Why are some pupils missing out on a free lunch?

Why are families in the South East, along with some others from across the country, ignoring the chance to increase their spending power by not taking up the free infant lunch programme on offer in schools? Many of the authorities with the lowest take up in the latest DfE statistics of census day are located in the South East. They include unitary authorities, such as Brighton & Hove, Slough, Reading, Medway and Milton Keynes and counties such as East Sussex and Oxfordshire. All these authorities had a take-up of less than 81% of pupils eating lunch on census day.

At the other end of the scale, Inner London averaged a nearly 91% take-up and Solihull managed to achieve just over 96% take-up. Now, I guess there may be some parents that regard the food on offer as not acceptable for culinary, cultural or dietary reasons, but it is difficult to see why so many parents in some authorities not only forgo an extra £400 or spending money, but presumably also shell out hard cash on creating meals for their children to eat instead. If they don’t think that the food on offer is good enough then they should be lobbying the governing body or MAT trustees for an improvement.

Now, I am sure some of the difference could be a result of how important the local authority still sees its role in education and thus in encouraging schools to provide meals that are attractive and nutritional. This may be less of a concern in areas with lots of academies and free schools.

It could also be that some of these families have children in schools where more emphasis is placed on the breakfast club than on lunch to ensure a healthy start to the day. Of course, locally high incidences of sickness in specific schools may also have played a part in an authority’s position in the rankings. However, it does seem that the further north you travel in England, the higher the take-up was, with London, and specifically the inner London boroughs, being the main exception to this rule of thumb analysis.

The should be sufficient data now available to identify whether pupils in schools with low take-up fare any differently at the end of Key State 1 than pupils in schools where take-up is much higher once  researchers have standardised for all other possible variables; a tough ask.

I guess, with the present funding problems facing schools, there won’t be any real pressure from government for a scheme to extend the free lunch arrangements to Key Stage 2 pupils and, no doubt, some politicians may see the whole exercise as an ineffective use of money, forgetting the benefits to both parents and children achieved by the was the scheme is resourced. The initiative to roll out the scheme for Key Stage 1 pupils was a Coalition government action with some parts of the Labour strongly supporting and other being either lukewarm or downright hostile to the idea.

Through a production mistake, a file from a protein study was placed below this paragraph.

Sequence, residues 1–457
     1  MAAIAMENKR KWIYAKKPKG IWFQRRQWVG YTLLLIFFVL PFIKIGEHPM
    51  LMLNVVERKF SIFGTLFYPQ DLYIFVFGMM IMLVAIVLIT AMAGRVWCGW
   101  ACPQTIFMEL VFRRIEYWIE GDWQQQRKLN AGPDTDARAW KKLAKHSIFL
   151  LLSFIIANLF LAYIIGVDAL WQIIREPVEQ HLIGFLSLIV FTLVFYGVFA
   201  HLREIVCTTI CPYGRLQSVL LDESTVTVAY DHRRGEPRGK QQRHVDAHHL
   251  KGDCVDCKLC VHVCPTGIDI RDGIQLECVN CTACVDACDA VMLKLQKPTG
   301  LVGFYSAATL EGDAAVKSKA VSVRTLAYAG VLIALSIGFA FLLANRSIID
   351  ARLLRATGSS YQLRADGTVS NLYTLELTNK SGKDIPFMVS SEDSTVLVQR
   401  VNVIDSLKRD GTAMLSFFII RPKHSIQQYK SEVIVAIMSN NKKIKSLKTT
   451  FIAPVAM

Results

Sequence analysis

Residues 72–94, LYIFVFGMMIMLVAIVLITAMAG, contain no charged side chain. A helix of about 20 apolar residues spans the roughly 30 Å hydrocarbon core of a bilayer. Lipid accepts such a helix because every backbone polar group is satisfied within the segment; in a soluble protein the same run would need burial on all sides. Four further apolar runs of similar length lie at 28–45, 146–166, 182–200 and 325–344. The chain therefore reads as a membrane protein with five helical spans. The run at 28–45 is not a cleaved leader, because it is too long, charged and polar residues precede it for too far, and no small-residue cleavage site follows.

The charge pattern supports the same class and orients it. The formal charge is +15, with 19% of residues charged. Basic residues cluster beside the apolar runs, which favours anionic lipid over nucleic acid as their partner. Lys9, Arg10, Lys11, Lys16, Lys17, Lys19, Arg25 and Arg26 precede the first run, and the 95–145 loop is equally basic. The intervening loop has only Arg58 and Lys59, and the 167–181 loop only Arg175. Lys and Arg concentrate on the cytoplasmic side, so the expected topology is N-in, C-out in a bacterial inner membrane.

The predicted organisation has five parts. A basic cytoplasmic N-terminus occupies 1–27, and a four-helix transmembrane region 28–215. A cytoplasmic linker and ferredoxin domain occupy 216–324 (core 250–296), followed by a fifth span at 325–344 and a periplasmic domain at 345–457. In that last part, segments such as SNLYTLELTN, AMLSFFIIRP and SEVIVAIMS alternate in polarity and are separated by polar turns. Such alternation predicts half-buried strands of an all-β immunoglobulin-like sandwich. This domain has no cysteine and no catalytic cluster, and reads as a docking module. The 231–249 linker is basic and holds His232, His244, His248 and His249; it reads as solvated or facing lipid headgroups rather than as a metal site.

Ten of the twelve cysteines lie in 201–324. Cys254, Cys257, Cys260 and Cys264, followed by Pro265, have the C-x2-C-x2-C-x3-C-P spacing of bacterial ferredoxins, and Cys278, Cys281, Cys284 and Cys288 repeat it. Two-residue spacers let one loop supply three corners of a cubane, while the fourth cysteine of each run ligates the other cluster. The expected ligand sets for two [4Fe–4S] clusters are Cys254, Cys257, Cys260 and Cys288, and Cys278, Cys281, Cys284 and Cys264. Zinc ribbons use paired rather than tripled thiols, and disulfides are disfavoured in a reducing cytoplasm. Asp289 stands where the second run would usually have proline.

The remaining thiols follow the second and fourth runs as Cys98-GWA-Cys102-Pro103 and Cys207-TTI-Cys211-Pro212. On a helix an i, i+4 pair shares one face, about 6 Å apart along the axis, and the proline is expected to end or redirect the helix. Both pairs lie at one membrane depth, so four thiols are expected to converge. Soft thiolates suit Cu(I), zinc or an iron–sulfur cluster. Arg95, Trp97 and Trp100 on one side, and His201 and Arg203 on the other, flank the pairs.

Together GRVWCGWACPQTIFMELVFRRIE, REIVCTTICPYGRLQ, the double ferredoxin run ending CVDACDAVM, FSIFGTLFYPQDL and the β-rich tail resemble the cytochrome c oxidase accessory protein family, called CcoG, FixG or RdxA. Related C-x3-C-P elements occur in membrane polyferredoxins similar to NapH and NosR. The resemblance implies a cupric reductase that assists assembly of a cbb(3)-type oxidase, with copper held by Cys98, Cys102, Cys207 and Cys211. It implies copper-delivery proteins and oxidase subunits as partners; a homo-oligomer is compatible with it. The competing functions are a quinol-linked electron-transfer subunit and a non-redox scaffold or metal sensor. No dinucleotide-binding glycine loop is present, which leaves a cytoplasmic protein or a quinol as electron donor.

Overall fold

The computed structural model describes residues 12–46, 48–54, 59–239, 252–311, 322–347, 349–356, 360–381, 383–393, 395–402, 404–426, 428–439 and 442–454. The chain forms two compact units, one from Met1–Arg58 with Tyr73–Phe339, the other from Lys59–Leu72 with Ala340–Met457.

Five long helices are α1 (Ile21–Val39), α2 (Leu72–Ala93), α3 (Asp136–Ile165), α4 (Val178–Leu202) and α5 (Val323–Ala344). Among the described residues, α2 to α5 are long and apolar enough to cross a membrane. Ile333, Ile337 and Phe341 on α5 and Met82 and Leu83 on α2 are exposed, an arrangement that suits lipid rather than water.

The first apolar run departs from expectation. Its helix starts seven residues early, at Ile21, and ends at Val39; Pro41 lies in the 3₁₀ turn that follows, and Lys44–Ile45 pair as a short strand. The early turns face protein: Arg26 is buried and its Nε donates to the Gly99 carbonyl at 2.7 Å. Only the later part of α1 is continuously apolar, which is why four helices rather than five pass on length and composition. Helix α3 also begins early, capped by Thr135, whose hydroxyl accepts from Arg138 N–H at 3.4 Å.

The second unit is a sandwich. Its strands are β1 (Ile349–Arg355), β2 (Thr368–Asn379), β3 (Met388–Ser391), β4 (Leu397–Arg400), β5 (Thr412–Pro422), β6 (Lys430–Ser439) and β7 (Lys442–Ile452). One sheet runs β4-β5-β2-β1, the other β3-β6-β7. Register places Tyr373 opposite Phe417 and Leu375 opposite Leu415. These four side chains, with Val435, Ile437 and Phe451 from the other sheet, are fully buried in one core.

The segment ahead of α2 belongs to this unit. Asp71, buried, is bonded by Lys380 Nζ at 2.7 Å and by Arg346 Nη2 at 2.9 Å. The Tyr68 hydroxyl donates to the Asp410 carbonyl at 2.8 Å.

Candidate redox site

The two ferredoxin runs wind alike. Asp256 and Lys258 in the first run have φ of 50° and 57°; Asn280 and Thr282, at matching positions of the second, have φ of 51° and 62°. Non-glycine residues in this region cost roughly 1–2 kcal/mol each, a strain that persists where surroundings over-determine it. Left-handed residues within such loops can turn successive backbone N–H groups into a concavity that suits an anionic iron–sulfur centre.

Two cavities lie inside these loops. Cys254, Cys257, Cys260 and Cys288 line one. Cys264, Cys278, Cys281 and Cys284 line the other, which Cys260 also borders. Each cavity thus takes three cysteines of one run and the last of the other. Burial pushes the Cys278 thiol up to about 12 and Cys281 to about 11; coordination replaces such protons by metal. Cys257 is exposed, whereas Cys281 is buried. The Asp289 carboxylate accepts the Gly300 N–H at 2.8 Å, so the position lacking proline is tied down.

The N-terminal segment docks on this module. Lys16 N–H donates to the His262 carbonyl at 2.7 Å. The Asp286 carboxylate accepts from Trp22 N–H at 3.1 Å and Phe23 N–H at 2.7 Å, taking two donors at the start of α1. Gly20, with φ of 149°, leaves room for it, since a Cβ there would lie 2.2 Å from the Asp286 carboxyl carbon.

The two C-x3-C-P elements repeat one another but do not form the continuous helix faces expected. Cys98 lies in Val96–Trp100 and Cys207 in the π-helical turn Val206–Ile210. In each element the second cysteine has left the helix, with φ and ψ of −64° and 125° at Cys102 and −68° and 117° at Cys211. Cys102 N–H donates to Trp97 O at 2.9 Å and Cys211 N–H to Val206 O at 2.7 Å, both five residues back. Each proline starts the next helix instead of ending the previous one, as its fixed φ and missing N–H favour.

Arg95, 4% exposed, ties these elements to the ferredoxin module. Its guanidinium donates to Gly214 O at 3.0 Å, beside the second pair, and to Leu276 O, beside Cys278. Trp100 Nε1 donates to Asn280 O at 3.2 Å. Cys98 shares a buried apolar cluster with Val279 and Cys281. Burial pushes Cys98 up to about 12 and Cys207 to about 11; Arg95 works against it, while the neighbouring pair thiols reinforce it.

Who is for the sack?

News story: Department for Educatino: what do you think about our website content?

7 November, 2013 at 04:37pm

Obviously the government information service responsible for the production of the government’s daily bulletin doesn’t employ a spell checker. I wonder how Mr Gove will have reacted on Friday when the above headline landed on his desk, or more accurately in his inbox? Will the poor information officer be able to shrug it off as a bit of the finger trouble we all experience when at the word processor? Indeed, I have already had to correct several mistakes in what I have just entered in the first four lines of this piece. I also understand about the blindness when it comes to proof reading something you have just written. Regular readers of this blog will have spotted the grammatical indiscretions, missing words and even mis-spelt words that have appeared from time to time. But, I am not the government, and I don’t receive any funding for writing this blog: I write it because I want to communicate facts and issues to a wider group, and the power of the internet allows me to do so.

Can you just imagine if a letter to the Secretary of State had arrived from a school addressed to the Department for Educatino? No doubt the offending document would be held up in parliament at a suitable point with some coruscating remark from the Secretary of State, along the lines of the fact such a mistake would never have happened in the days of fine penmanship.  Of course it might have, but before the internet we were much less exposed to these trivial errors. Now, if it had been a video clip it would undoubtedly have gone viral on one of the many media sites.

I hope that this faux pas is seen for what it was, a slip of a mind that was working faster than the hand, and because of the underline the red warning of a mis-spelt word was overlooked. An apology on Monday will suffice to restore the status quo, and we can all go on to comment on the DfE’s web site that is in my view not of a very good quality. But, would I want the DfE to spend more money on improving it or on improving the education of the children in our schools: a no brainer really.

One of my earliest forays into the world of education data was to point out to Hansard that they had printed the wrong pupil teacher ratios for some local authorities in answer to a PQ. In those days, more than 30 years ago, the written word stood, and even if a revised version appeared a day later it could not be cross referenced to anyone consulting the original. In that respect technology has offered us a chance to change the record. Whether that is a good or a bad thing is a matter for debate.